Yes. We will allow users to print out their “entry pass” if they do not have a smartphone. Printing will be possible at home, at school, and at work. We also plan to enlist local libraries to support the printing of entry passes as well as commercial locations with printers such as Staples, Office Depot, FedEx, and UPS. [Please note that paper-based entry passes are not available in the current software, but they are in the product roadmap and will be available soon.]
Can I check to see if I can get into a venue before going to the venue?
Yes. Our system is designed to allow people to “pre-verify” so that they know if they will be allowed entry when they arrive at the venue.
Does Bindle provide contact tracing?
No, Bindle is not a contact tracing solution. Users of the app are not surveilled. We provide private, portable health status verification.
Does my business need to be HIPAA compliant in order to use Bindle?
No. Bindle’s technology allows you to screen employees according to your COVID-19 policy without ever handling any personal or medical data.
Do I need to program special API's to interface with Bindle?
No, Bindle's open API's hook into existing proprietary and 3rd party systems and platforms.
Do I need special hardware to use Bindle?
No, you can be set up in hours. No new hardware is required. Any access point can be enabled with a free smartphone application. Deeper integration into existing access control systems is also possible.
Does Bindle specify a particular PCR or antigen test?
No. We are agnostic as to testing and allow the verifier to determine which tests they feel comfortable using for entry into their venue.
Can I customize my own screening policy?
Yes. Bindle's solution will support the ability to customize the level of strictness you wish to screen by.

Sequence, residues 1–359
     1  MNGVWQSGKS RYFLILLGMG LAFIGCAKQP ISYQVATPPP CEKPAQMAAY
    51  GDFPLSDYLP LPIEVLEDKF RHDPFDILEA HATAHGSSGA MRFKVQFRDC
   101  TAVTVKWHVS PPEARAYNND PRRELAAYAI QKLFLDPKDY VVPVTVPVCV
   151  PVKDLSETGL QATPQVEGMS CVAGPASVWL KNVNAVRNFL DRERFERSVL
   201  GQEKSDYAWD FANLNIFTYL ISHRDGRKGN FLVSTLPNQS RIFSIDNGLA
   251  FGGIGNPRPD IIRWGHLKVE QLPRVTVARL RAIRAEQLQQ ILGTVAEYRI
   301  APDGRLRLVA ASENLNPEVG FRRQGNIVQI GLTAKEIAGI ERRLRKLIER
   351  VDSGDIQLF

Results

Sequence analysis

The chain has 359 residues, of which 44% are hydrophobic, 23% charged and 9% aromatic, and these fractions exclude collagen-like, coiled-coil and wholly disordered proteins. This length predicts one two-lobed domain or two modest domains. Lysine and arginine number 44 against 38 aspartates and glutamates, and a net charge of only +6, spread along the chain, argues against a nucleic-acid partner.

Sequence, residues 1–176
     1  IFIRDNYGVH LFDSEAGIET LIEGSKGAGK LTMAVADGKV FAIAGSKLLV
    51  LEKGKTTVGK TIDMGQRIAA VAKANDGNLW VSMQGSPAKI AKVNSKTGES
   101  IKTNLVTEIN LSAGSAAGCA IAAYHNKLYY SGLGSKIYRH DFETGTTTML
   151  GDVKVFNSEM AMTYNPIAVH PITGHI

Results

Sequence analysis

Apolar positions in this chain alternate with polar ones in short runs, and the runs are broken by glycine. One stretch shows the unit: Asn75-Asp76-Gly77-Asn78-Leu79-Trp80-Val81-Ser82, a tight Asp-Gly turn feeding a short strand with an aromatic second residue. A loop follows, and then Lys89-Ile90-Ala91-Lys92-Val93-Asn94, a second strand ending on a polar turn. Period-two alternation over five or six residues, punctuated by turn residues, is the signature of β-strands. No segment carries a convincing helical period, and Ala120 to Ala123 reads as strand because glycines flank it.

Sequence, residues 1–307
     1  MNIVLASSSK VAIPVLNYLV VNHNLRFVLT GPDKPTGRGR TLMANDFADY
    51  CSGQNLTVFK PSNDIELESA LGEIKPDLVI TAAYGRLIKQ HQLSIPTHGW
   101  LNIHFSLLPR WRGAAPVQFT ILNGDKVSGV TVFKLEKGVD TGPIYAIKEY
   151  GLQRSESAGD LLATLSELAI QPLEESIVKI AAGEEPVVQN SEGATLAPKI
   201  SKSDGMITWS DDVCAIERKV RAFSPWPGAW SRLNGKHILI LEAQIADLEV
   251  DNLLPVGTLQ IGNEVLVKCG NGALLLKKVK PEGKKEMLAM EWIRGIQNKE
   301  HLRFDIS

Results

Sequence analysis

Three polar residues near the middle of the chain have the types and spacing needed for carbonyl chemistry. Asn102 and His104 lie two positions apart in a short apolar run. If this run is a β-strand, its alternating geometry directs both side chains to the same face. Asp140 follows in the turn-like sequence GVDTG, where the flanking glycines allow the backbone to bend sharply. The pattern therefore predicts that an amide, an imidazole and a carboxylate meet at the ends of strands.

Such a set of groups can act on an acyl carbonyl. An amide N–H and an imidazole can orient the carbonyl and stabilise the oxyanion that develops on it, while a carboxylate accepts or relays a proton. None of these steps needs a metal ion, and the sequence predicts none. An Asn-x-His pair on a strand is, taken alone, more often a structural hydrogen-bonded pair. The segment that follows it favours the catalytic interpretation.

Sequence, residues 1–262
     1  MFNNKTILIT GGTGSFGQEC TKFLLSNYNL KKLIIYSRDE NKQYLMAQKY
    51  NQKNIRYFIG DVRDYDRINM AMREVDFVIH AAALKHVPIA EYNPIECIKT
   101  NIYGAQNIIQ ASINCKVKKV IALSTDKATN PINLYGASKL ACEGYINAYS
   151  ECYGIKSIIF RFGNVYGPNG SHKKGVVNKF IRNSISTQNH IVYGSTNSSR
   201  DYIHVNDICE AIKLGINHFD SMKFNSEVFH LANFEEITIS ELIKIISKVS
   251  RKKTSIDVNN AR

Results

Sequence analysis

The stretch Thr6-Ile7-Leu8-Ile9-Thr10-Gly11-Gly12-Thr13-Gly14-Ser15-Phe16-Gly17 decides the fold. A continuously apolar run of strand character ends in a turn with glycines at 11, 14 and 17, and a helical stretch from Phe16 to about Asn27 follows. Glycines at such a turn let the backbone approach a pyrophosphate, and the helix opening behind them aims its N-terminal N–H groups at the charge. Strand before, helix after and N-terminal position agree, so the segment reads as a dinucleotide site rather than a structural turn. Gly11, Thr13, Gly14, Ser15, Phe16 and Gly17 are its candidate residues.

Can a venue create a screening policy that includes a combination of certificates, such as a vaccine certificate + COVID-19 test results + symptom surveys?
Yes. Bindle was specifically designed so multiple types of certificates can be used together.
When was the company founded?
June 22, 2020
Who are the founders?
How is the company funded?
Our investors include venture funds, strategic investors (corporations), angel syndicates, family offices, and some individuals.
What is a Public Benefit Corporation and why did Bindle Systems decide to be a PBC?
A Public Benefit Corporation is a specific type of corporation that allows for public benefit to be a charter purpose of the corporation, in addition to the more traditional corporate goal of maximizing profit for shareholders. Bindle Systems decided to incorporate as a PBC because our primary mission is to safely and equitably reopen the US economy and American society as quickly as possible. Achieving this mission may require us to periodically subordinate profitability or shareholder returns, which would not be possible under a traditional corporate structure.
We are also committed to donating a % of our annual profit to The Bindle Systems Foundation, which will be focused on a) equity and access in the current COVID-19 pandemic and b) preparedness for future pandemics.
What is the business model of the company?